Can You Really Change Your Mind?

03/29/2017 09:14 am ET Updated Mar 29, 2017

by Kara Baskin

Imagine this: You just got word from senior management that a long-term project you’ve been working on has taken a huge turn in direction. What’s your reaction: Do you think, “Ok, we’ll have to adapt our plan, but we can make this work,” or “Well, that’s it…this project is doomed. This company never sticks to a plan.”

If you’re the former, you probably have what’s called a growth mindset—you believe that you can evolve, whether it’s by cultivating a personality trait like patience or learning a new skill like cooking.

If you’re the latter, you might believe that “people can never change.” You probably have a fixed mindset and see characteristics as predetermined. Your husband will always leave dirty dishes in the sink, your daughter will never be good at math, and you’ll be terrible at every sport you try.

This concept was originally defined in relation to depression. People with a fixed mindset believe that problems are unchangeable and permeate everything in life. On the other hand, people with a growth mindset tend to perceive issues as a one-time occurrence.

Who do you think is buffered against depression? Those with a growth mindset—because they feel more empowered to persist after experiencing a setback. In other words, they are more resilient.

At meQuilibrium, we know that people aren’t necessarily born resilient—but they can learn to be. One way to foster a growth mindset is by modifying your Why Style—the way you explain “why” things happen.

For instance, let’s say you’re stressed about your finances. You feel like you’ll never master your budget or put in place a solid financial plan. You can break out of this rut by learning to spot “always” and “everything” thoughts. “Always” thoughts usually contain the words “always” or “never” and frame issues as permanent. For example: “I’ll never be able to manage my budget because I’ve always been bad with numbers.”

“Everything” thoughts, meanwhile, take one issue and apply it to every area of your life: “I’m such a mess; I forgot to pay my credit card bill again. Why am I so disorganized?” The conclusion drawn about your ability to be organized isn’t directly correlated to forgetting to pay your credit card bill. And yet, in making this statement, you are taking one mistake and making a general (and negative) statement about your character—unwarrantedly affecting your self-image.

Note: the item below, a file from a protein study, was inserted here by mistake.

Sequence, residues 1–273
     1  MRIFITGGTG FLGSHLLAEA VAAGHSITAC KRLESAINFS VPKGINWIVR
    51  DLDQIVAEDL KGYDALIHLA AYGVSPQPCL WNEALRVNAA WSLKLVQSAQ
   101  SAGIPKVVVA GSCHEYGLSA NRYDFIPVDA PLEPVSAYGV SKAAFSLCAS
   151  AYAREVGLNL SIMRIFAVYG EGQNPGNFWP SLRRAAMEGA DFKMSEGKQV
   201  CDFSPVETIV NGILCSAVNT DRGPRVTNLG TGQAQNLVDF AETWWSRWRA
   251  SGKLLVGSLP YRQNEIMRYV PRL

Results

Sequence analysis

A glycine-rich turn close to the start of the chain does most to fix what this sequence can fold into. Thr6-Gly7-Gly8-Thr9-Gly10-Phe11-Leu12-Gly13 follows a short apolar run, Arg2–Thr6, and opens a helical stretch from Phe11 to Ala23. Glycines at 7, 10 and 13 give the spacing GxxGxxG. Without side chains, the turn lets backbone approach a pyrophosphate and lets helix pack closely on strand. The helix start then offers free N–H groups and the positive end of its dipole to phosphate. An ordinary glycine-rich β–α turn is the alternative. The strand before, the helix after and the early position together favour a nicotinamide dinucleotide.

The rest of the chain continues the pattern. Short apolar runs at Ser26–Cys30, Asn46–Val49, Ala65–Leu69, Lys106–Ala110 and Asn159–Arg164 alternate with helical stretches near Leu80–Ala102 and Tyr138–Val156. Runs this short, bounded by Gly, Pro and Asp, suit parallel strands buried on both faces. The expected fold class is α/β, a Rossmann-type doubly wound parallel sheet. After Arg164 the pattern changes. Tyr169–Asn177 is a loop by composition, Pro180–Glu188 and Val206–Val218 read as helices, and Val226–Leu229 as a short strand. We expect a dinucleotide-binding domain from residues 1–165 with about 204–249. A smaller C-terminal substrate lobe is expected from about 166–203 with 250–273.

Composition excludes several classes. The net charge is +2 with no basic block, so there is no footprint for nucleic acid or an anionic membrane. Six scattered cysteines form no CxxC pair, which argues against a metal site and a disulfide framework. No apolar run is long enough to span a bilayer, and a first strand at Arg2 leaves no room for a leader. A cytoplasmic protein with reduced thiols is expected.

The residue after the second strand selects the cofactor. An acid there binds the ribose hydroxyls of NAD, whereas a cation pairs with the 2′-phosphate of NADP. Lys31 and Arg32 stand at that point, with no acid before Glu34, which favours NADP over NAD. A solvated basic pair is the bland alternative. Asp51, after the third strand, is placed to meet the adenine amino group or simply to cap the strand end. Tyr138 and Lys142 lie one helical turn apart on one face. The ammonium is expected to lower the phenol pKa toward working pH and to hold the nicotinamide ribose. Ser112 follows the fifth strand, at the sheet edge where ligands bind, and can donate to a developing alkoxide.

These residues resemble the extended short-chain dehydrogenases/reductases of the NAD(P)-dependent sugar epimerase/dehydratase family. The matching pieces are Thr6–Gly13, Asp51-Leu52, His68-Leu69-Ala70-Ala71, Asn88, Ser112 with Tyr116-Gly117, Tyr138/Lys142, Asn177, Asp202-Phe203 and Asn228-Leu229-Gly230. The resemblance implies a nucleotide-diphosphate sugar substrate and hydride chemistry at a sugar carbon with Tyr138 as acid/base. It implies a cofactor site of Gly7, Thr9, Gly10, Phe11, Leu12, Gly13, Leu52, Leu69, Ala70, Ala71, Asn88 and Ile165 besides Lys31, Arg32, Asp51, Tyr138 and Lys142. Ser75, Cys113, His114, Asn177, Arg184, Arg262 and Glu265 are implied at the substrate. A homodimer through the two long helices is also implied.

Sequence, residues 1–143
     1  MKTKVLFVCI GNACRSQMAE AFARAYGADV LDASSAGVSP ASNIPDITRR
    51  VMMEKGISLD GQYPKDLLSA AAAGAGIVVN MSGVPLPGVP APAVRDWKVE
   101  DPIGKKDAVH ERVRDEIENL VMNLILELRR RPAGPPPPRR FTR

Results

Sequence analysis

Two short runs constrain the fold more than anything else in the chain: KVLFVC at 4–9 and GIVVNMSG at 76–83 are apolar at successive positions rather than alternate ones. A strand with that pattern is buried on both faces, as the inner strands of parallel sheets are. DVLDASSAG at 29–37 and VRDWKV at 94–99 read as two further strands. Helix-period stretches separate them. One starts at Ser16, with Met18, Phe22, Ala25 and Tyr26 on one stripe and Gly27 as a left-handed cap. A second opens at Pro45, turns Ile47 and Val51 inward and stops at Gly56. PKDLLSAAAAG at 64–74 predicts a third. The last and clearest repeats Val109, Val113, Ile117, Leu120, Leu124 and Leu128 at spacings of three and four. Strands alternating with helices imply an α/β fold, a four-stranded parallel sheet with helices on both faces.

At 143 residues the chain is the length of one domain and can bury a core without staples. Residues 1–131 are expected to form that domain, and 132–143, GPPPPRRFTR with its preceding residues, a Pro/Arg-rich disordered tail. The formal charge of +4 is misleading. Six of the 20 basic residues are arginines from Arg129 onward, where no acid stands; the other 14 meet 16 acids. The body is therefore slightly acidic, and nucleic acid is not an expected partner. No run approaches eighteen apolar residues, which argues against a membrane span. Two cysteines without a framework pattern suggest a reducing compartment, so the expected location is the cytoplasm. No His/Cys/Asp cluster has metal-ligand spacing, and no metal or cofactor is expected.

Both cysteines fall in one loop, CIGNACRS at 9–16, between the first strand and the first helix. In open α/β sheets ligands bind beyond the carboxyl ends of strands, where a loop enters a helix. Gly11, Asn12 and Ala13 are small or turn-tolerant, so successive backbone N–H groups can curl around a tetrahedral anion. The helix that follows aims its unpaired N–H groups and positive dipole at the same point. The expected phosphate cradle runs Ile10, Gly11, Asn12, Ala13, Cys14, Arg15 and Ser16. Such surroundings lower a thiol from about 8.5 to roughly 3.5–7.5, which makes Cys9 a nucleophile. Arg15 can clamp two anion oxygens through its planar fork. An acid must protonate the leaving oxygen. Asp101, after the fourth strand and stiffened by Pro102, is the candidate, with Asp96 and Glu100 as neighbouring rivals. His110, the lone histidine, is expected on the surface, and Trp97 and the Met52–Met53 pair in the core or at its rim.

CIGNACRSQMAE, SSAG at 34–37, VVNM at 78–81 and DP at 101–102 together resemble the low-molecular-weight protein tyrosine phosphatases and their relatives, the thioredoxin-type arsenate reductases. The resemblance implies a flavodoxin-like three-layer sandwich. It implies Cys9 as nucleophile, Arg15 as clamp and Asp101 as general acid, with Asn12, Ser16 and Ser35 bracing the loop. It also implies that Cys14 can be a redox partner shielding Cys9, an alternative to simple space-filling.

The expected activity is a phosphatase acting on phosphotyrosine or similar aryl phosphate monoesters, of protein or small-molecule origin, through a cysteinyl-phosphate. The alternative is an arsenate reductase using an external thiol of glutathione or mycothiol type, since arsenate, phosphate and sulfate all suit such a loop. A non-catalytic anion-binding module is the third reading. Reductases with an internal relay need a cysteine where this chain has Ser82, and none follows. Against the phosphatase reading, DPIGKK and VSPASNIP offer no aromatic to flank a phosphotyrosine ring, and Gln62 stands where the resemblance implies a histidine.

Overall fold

The next time you face a problem, try out this strategy:

1. Identify why it’s happening. (Maybe you’re “always” too busy to review your finances; maybe you believe you’ve “never” been good at budgeting.) Whatever it may be, write down your reasons. 2. Notice the words “everything” and “always” in your answers, and circle them. These are dead-ends. 3. Reframe the problem to find as many solutions as possible. Instead of saying, “I’m no good at budgeting,” you could say, “I haven’t found a budgeting tool that I like yet.” 4. Integrate new solutions now that you’ve broadened your thinking on possible causes, like, “I’m going to find a budgeting tool geared toward financial novices” or “I’m going to set aside a time when I’m not stressed to review my retirement plan.”

We all face challenges in our lives. But what’s not predetermined is how we view them. By reframing your challenges as something solvable, you’re becoming more resilient and open to growth—and positive change.

Kara Baskin is a Boston-based journalist who writes about food, health, wellbeing, and lifestyle for The Boston Globe, Boston Magazine, Women’s Health, and AARP’s Life Reimagined. She’s also the author of “Size Matters: The Hard Facts About Male Sexuality That Every Woman Should Know” (Random House). Find her on Twitter @kcbaskin

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